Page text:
Director: Robert Eggers
This review was originally published on Scannain.com
If thou shouldst enter the woods this day, thou art assured a great surprise.
The Witch is the debut feature of director Robert Eggers. His background is in production and costume design, and this experience serves him well in crafting a supremely terrifying experience. This the kind of debut to leave other directors, both old hands and new, green with envy. His wins for Best Direction at Sundance and Best Debut Feature at the London Film Festival are well-earned scalps. In 90 minutes, he wrings more tension out of The Witch than others could manage in a dozen features. He does so with minimal recourse to allegory or message; there are messages on the dangers of zealotry and female suppression to be extrapolated but, with its focus on the fear, The Witch is as pure a horror experience to have graced the big screen in years.
The Witch opens in the recently-colonised New England of the early 17th century. More specifically, it opens on a trial. Straight away, The Witch is invoking comparisons to The Crucible and other works set in this period, only to dispel them. Like William (Ralph Ineson) and his family, it is determined to separate itself from the pack. For reasons unclear William, his wife Katherine (Kate Dickie) and their five children are banished from their pilgrim colony. With family and belongings in tow, they find a spot near a dark wood to start life anew. That’s the setup, done and dusted within five minutes. An ominous dread is set in motion, with Jarin Blaschke’s cinematography allowing no primary colours in, save for dark ruby red when blood gets spilled. Attention to historical detail might not seem important in the moment, but in establishing time, place and dread, it is invaluable. Costumes and sets feel genuinely of their time, and their accuracy belies the project’s relatively small $1 million budget. Pricier horrors could only dream of this thing’s horrific atmos. This is an age before science and the necessity of empirical evidence could hope to debunk demons. In these woods, if God be not with thee, He be against thee.
The family settles down in their new corner, as the strings of Mark Korven’s score lay down the fear. The fear really comes from the unknown; the film may be called The Witch, but the sorrows that are about to befall this family feel less like the work of some vengeful she-creature than their complete abandonment by God and their fellow man. The family are alone in the wilderness. So, what is responsible? Glimpses are only offered in the early stages, but they are more than enough to display the pure evil that lurks in the woods. An early scene sees eldest child Thomasin (Anya Taylor-Joy) playing peekaboo with her infant brother Samuel. One peek, and the child has disappeared into thin air. That’s a fright in and of itself, but then come images to suggest what has become of the child. Eggers’ imagery is stark and brilliantly horrible, to the point that the audience feels not just complicit, but dirty. What are we seeing? Goodness knows, but it’s fleshy and wrong in so many ways. There is an illicitness to The Witch that makes it deeply unsettling.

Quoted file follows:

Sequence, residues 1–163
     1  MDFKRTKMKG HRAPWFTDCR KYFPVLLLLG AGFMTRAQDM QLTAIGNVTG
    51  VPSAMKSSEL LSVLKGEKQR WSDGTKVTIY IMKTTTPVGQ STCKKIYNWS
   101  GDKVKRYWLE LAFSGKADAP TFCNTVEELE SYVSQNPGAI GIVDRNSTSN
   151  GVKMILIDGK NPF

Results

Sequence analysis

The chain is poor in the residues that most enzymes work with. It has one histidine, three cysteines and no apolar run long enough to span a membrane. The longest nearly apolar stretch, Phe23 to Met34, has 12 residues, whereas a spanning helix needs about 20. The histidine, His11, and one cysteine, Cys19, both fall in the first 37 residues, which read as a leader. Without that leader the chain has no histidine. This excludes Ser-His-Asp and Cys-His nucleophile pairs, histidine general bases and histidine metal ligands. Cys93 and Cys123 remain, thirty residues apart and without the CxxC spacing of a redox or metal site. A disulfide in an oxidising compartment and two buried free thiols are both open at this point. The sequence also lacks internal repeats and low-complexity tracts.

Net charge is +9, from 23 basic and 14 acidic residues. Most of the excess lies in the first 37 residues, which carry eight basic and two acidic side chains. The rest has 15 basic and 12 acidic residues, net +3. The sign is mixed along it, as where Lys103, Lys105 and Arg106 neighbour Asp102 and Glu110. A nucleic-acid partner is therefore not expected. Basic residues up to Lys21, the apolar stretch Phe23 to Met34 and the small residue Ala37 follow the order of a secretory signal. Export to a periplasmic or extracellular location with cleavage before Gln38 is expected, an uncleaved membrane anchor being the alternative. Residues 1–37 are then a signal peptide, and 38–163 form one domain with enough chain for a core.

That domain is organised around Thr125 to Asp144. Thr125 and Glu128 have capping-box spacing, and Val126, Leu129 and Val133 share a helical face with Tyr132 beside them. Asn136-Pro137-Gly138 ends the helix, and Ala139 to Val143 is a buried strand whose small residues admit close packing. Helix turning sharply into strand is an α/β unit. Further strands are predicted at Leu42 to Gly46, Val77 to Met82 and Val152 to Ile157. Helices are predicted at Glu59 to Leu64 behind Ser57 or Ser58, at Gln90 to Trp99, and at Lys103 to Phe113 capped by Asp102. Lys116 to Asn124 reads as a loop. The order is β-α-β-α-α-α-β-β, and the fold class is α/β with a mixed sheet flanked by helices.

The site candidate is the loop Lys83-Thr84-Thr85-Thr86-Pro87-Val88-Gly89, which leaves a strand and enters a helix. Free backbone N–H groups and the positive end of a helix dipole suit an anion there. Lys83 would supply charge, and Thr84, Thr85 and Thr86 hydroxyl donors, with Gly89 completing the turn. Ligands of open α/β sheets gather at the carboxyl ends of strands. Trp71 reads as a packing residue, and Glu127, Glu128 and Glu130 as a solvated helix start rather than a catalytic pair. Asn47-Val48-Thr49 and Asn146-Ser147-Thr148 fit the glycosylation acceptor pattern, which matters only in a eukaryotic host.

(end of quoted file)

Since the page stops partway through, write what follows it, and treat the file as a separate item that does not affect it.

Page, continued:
Samuel’s inexplicable disappearance is the beginning of a chain of events that besiege the family. Their corn crop fails, and the goats produce no milk, only blood. The family look around for causes, from minor sins of covetousness to the presence of a black goat in the herd, whom the younger children of the family claim is a demon named Black Philip. The brilliance of Eggers’ script allows threat to seep in from all possible angles. It suggests that the family’s fears and desires play a part in fuelling their downfall. Thomasin’s imminent womanhood has not escaped her younger brother Caleb (Harvey Scrimshaw), and there is an unnerving throughline in implied molestation and mortification. At the heart of all this darkness is a terrific cast. Ineson and Dickie brilliantly sell the slow degradation of once-godly minds, while Scrimshaw and Taylor-Joy are revelations in their commitment to the boldness of the material, and to ye olde English that is spoken throughout.
As is the way of such things, desperation forces various family members into the woods in search of food/lost siblings/answers. They will not come back untouched. A scene in which a family member inexplicably returns from the woods slowly morphs into an exorcism-cum-manic fit that will leave audiences gasping in disbelief. How Eggers captured these performances and these scenes is still puzzling, such is their intensity. The Witch is both exquisitely made and bracingly bold, with a laser-sharp focus on creating as creepy a film as possible. To paraphrase a great son of the times in which The Witch is set , it is a tale whose lightest word would harrow up thy soul, freeze thy young blood.